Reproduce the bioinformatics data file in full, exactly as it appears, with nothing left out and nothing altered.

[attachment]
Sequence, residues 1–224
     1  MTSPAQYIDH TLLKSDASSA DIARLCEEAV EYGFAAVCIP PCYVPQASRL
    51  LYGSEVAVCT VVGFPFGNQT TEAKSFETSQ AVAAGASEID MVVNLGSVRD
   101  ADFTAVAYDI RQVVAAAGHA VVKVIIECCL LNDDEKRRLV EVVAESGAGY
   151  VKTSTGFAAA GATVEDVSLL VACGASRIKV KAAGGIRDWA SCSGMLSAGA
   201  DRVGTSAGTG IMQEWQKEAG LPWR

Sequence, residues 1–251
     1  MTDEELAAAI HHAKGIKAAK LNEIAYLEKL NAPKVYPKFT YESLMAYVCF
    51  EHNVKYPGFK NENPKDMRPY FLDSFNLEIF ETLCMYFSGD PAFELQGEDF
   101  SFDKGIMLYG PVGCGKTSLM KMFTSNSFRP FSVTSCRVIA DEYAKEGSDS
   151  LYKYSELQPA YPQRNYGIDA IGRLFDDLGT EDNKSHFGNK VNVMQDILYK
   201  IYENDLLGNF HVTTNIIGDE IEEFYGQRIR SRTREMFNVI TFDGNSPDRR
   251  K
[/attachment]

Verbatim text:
Sequence, residues 1–224
     1  MTSPAQYIDH TLLKSDASSA DIARLCEEAV EYGFAAVCIP PCYVPQASRL
    51  LYGSEVAVCT VVGFPFGNQT TEAKSFETSQ AVAAGASEID MVVNLGSVRD
   101  ADFTAVAYDI RQVVAAAGHA VVKVIIECCL LNDDEKRRLV EVVAESGAGY
   151  VKTSTGFAAA GATVEDVSLL VACGASRIKV KAAGGIRDWA SCSGMLSAGA
   201  DRVGTSAGTG IMQEWQKEAG LPWR

Sequence, residues 1–251
     1  MTDEELAAAI HHAKGIKAAK LNEIAYLEKL NAPKVYPKFT YESLMAYVCF
    51  EHNVKYPGFK NENPKDMRPY FLDSFNLEIF ETLCMYFSGD PAFELQGEDF
   101  SFDKGIMLYG PVGCGKTSLM KMFTSNSFRP FSVTSCRVIA DEYAKEGSDS
   151  LYKYSELQPA YPQRNYGIDA IGRLFDDLGT EDNKSHFGNK VNVMQDILYK
   201  IYENDLLGNF HVTTNIIGDE IEEFYGQRIR SRTREMFNVI TFDGNSPDRR
   251  K